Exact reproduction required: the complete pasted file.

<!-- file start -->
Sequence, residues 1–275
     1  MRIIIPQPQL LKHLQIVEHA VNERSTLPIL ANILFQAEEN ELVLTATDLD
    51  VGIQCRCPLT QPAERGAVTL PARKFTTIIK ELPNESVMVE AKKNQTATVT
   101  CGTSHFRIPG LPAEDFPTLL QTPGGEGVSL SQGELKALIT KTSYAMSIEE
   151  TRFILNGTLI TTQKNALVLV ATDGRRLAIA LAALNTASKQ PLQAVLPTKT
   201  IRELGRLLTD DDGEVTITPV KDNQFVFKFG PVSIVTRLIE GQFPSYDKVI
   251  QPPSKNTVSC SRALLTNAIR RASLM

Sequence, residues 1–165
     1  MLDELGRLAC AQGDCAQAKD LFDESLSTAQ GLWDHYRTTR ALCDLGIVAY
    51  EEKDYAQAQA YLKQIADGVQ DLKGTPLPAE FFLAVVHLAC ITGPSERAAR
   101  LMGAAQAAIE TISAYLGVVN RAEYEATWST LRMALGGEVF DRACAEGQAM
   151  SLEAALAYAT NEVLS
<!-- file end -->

Sequence, residues 1–275
     1  MRIIIPQPQL LKHLQIVEHA VNERSTLPIL ANILFQAEEN ELVLTATDLD
    51  VGIQCRCPLT QPAERGAVTL PARKFTTIIK ELPNESVMVE AKKNQTATVT
   101  CGTSHFRIPG LPAEDFPTLL QTPGGEGVSL SQGELKALIT KTSYAMSIEE
   151  TRFILNGTLI TTQKNALVLV ATDGRRLAIA LAALNTASKQ PLQAVLPTKT
   201  IRELGRLLTD DDGEVTITPV KDNQFVFKFG PVSIVTRLIE GQFPSYDKVI
   251  QPPSKNTVSC SRALLTNAIR RASLM

Sequence, residues 1–165
     1  MLDELGRLAC AQGDCAQAKD LFDESLSTAQ GLWDHYRTTR ALCDLGIVAY
    51  EEKDYAQAQA YLKQIADGVQ DLKGTPLPAE FFLAVVHLAC ITGPSERAAR
   101  LMGAAQAAIE TISAYLGVVN RAEYEATWST LRMALGGEVF DRACAEGQAM
   151  SLEAALAYAT NEVLS